• Optimizing User Experience: Based on the such a report, product teams can optimize the user experience, improving features that are well-engaged and refining or eliminating elements that are proving to be hurdles in the user’s journey.

Example of analyzing customer behavior in EdTech

Let’s take the example of an EdTech start-up that has developed an innovative language learning app. The app offers interactive language lessons, tools for practicing writing and speaking, and quizzes for self-assessment. As the company wanted to expand its user base and improve user engagement, they decided to use Dashly’s website visitors’ interactions analytics and lead card for understanding user in more detail.

1️⃣ Setting up User Actions. The start-up first defined the crucial user actions to track on their website and app. This included actions like clicking on a language course, time spent on different sections, completion rate of quizzes, and frequency of practice sessions.
2️⃣ Analyzing User Activity with Dashly. To track these defined actions, they utilized Dashly’s behavior analytics feature. Dashly automatically tracks all actions performed by a website visitor and creates user events based on these actions.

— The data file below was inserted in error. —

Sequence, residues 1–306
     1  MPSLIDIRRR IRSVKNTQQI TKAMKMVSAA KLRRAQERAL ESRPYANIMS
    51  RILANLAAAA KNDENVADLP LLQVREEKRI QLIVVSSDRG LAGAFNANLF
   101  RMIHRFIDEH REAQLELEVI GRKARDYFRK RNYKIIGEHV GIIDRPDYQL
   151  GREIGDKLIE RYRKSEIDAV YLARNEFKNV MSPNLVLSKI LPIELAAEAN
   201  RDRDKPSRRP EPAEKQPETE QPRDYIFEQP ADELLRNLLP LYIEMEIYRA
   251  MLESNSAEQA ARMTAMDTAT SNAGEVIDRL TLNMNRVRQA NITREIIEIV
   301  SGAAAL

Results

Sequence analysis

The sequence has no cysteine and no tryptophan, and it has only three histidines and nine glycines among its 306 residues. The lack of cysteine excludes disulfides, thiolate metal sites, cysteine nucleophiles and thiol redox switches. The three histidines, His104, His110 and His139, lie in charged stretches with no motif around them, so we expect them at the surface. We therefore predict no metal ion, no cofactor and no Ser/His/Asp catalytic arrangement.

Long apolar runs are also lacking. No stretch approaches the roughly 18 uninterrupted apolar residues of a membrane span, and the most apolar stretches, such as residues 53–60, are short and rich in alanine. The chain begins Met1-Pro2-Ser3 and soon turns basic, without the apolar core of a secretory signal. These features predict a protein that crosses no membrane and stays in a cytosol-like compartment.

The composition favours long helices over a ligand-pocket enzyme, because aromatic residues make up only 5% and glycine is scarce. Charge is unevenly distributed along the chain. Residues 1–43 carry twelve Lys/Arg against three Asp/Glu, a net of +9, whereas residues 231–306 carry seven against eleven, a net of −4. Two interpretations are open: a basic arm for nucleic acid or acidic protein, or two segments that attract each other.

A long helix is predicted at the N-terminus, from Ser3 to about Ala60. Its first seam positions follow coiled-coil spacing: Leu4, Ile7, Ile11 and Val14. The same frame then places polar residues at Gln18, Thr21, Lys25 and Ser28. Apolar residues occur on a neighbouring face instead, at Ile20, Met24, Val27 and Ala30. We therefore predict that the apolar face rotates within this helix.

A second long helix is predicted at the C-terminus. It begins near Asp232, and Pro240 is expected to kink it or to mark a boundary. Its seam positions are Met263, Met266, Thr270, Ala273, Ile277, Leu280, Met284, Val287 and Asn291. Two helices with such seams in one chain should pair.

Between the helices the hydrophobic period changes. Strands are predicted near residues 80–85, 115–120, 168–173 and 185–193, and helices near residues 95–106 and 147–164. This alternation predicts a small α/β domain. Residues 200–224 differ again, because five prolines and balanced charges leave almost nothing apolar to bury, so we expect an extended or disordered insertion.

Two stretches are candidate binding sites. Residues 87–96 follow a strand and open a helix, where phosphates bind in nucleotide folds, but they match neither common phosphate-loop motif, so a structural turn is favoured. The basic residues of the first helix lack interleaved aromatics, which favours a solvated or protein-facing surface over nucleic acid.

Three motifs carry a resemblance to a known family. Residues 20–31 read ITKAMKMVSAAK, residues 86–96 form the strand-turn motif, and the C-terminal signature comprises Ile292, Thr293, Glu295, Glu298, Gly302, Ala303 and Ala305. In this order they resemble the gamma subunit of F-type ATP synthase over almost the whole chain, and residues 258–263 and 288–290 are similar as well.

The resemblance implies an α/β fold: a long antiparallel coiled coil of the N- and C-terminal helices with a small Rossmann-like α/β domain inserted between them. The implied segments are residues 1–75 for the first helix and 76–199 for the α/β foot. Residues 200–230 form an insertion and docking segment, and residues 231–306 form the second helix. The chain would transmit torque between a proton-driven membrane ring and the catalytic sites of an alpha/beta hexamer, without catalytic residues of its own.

3️⃣ Analyzing Behavior with Dashly. Once the start-up began collecting user behavior through Dashly, they started analyzing it. They found out that many users who clicked on a language course did not enroll in it. More often than not, these users browsed through several courses but did not proceed to take action.
4️⃣ Utilizing Dashly’s Lead Card for Understanding User Behavioral Patterns. To gain deeper insights into this behavior pattern, the start-up used Dashly’s lead card. The lead card in Dashly is a profile card for every user that shows a detailed breakdown of their journey on the website—who they are, where they come from, what actions they performed, and their conversation history.
5️⃣ Optimizing User Experience Based on Insights. The lead card data revealed that many users who were browsing through the courses were new visitors who hadn’t signed up yet. The company concluded that these users might need more motivation or information to take the plunge.

As a result, the company decided to introduce a free trial for a few starter lessons in each language course. They also decided to display more user testimonials and course benefits on the course pages to address potential user hesitations.
After implementing these changes and monitoring the data, they noticed a significant increase in course enrolments and overall user engagement on the app.

This case demonstrates how customer analysis can provide valuable insights into how users interact with your site and where there may be scope for improvement. Dashly’s website visitors’ behavior analytics and lead card offer a detailed view of user interactions that the company can use to enhance the user experience, increase engagement, and drive growth.